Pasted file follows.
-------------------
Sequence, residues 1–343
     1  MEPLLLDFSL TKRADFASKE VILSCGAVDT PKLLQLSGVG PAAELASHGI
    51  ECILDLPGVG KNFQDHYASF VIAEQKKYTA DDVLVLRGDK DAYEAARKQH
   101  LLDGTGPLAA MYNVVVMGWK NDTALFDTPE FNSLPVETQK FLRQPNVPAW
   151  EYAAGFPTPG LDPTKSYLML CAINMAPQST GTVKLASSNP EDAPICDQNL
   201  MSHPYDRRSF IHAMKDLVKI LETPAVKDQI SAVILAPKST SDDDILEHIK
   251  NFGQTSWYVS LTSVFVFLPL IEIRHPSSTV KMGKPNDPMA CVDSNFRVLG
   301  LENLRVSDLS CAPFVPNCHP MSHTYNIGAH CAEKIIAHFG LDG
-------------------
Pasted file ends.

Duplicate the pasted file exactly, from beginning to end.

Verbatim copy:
Sequence, residues 1–343
     1  MEPLLLDFSL TKRADFASKE VILSCGAVDT PKLLQLSGVG PAAELASHGI
    51  ECILDLPGVG KNFQDHYASF VIAEQKKYTA DDVLVLRGDK DAYEAARKQH
   101  LLDGTGPLAA MYNVVVMGWK NDTALFDTPE FNSLPVETQK FLRQPNVPAW
   151  EYAAGFPTPG LDPTKSYLML CAINMAPQST GTVKLASSNP EDAPICDQNL
   201  MSHPYDRRSF IHAMKDLVKI LETPAVKDQI SAVILAPKST SDDDILEHIK
   251  NFGQTSWYVS LTSVFVFLPL IEIRHPSSTV KMGKPNDPMA CVDSNFRVLG
   301  LENLRVSDLS CAPFVPNCHP MSHTYNIGAH CAEKIIAHFG LDG